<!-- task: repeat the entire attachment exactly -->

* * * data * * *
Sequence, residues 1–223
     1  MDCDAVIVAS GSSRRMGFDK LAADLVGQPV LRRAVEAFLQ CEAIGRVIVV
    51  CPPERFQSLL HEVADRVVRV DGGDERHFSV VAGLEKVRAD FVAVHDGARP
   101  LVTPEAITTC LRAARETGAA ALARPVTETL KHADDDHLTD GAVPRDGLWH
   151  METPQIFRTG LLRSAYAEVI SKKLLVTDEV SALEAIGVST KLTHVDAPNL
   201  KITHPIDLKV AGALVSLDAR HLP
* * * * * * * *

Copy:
Sequence, residues 1–223
     1  MDCDAVIVAS GSSRRMGFDK LAADLVGQPV LRRAVEAFLQ CEAIGRVIVV
    51  CPPERFQSLL HEVADRVVRV DGGDERHFSV VAGLEKVRAD FVAVHDGARP
   101  LVTPEAITTC LRAARETGAA ALARPVTETL KHADDDHLTD GAVPRDGLWH
   151  METPQIFRTG LLRSAYAEVI SKKLLVTDEV SALEAIGVST KLTHVDAPNL
   201  KITHPIDLKV AGALVSLDAR HLP